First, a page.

In Élet és Irodalom, editor Zoltán Kovács argues that the draft report to be submitted to the European Parliament on legal developments in Hungary is right to describe those changes as in contradiction with basic European standards. In particular, he believes the 49 pivotal laws hastily accepted since the new Fundamental Law was enacted in 2011, will restrict the elbow room of any future government, for a two thirds majority would be needed in order the amend them. Another point made by the Portuguese rapporteur Rui Tavares which Kovács praises is that most of the recent legislative developments were not properly debated before they were enacted. His main concern however, is that Hungarian Socialist MEPs will refuse to vote in favour of the report in its present form, although MSZP leader Attila Mesterházy claims that his party’s policies are based on principles. “There is bigger trouble than we would have assumed,” Kovács concludes.

In Népszabadság, another leading liberal commentator, Sándor Révész also for refusing to side with Mr Tavares in condemning the Hungarian government, although they fully share the judgement expressed in the draft report. He recalls that in 1989, Fidesz demonstrators greeted visiting president George H. Bush with a poster asking him: “Don’t give money to the Communists”, and were immediately labelled traitors intending to harm their country. Now, Révész continues, when they face the danger of being fined by Brussels, it is they who call those who act in that same spirit, traitors. He scorns the Socialist élite for refusing to stand up for their principles, in order not to be branded traitors to their country. Révész thinks this won’t prevent Fidesz accusing the MSZP of treason anyway.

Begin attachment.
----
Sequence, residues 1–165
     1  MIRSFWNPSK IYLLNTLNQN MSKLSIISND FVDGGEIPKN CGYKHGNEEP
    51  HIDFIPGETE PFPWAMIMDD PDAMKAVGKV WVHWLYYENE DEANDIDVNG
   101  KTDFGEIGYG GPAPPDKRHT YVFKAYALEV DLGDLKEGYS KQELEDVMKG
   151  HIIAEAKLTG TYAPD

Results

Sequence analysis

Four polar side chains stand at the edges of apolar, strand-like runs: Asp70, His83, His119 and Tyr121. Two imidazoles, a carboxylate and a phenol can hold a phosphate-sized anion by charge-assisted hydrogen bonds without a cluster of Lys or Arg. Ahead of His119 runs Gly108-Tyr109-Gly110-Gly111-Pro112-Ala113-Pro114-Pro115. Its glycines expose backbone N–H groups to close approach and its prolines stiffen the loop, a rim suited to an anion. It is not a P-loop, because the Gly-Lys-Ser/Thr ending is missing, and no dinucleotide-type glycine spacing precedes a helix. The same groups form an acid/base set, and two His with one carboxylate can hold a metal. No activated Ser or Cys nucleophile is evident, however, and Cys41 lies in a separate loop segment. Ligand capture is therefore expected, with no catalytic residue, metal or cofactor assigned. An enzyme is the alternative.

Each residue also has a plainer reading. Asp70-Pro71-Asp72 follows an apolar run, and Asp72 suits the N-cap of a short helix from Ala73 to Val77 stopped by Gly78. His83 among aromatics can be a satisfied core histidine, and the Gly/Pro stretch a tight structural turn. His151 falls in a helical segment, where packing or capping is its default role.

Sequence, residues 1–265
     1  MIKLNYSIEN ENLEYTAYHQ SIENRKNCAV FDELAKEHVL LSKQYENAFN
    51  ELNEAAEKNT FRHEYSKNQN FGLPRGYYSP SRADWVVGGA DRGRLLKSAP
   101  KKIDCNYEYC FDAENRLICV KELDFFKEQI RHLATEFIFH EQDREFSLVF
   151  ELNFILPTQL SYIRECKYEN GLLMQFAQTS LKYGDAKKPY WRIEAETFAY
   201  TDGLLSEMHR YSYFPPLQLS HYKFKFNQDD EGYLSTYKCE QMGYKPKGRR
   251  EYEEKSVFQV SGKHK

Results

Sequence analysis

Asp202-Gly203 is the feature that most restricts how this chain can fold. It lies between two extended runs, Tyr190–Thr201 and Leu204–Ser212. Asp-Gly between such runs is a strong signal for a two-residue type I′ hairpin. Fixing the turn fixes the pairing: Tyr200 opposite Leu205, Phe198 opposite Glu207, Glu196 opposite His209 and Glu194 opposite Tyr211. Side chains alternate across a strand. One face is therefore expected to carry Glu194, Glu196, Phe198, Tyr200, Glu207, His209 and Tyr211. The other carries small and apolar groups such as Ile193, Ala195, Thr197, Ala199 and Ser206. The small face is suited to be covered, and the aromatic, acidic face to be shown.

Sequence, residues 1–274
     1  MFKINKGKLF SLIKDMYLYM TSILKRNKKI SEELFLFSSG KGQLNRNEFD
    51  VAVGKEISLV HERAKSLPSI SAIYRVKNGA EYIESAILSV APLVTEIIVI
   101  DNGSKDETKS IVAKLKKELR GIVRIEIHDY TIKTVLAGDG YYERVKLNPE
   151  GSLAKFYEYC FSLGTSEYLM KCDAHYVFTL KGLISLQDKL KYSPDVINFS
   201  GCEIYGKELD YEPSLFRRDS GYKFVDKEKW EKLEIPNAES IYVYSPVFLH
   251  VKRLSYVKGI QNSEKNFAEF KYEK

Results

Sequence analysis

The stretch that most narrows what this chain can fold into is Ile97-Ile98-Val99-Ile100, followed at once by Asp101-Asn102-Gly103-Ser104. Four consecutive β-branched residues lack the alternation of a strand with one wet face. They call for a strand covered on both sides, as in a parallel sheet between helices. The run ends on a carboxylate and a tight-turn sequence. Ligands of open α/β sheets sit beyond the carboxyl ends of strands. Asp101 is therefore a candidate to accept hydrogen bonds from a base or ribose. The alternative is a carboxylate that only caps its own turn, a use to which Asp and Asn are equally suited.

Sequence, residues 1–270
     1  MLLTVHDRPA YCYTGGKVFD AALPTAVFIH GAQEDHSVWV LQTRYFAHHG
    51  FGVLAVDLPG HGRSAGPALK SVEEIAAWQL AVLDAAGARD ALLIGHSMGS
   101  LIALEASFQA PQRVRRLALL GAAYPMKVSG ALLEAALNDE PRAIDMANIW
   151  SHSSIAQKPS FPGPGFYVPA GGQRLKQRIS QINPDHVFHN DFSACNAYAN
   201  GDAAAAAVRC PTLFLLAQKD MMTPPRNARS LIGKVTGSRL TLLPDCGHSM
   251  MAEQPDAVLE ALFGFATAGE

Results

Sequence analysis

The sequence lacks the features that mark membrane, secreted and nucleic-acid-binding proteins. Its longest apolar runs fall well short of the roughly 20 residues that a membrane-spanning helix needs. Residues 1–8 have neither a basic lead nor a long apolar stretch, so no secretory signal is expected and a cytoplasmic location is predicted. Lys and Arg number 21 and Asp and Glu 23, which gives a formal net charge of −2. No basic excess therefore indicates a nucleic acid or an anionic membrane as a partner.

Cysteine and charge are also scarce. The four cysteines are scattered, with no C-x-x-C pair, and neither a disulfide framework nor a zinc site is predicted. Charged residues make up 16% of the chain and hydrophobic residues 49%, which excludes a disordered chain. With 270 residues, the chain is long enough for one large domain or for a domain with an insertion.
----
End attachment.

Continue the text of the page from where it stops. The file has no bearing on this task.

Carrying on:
In Heti Válasz (print edition), editor Gábor Borókai accuses Hungary’s liberals of seeking foreign support because they are unable to recruit a sizeable constituency at home. He thinks Gordon Bajnai was their choice as opposition candidate for Prime Minister, and they were extremely unhappy when the Socialist Party refused to “joyfully cede the post of captain” to the former Premier. The last drop in the glass, he continues, was Mesterházy’s opposition to “the international network of 68ers”, who are extremely influential “through their dense political and media network”. Borókai quotes a communique by former Hungarian anti-Communist dissidents and later founding Liberal Party members, condemning the MSZP for its “involuntary subservience to a populist demand, rather than opposing it”. According to Borókai’s reading, by “populist demand” they mean the majority opinion according to which one should not “try and suppress one’s rivals by climbing onto the backs of powerful foreigners”. The Socialists, he continues, have realised that assistance from the European Union will hardly result in electoral victory. The liberals, on the contrary, having completely lost their constituency at home, don’t even exist outside of an international context. By opposing the Tavares report and especially any possible sanctions against Hungary, the Socialists sent a message to Hungarian voters, but not without discomforting the liberals who have been at the vanguard of a campaign “to discredit Hungary”. As a result, Borókai concludes, Socialists and Liberals are now at loggerheads and detest each other just a bit less than they dislike PM Orbán.

Tags: , , ,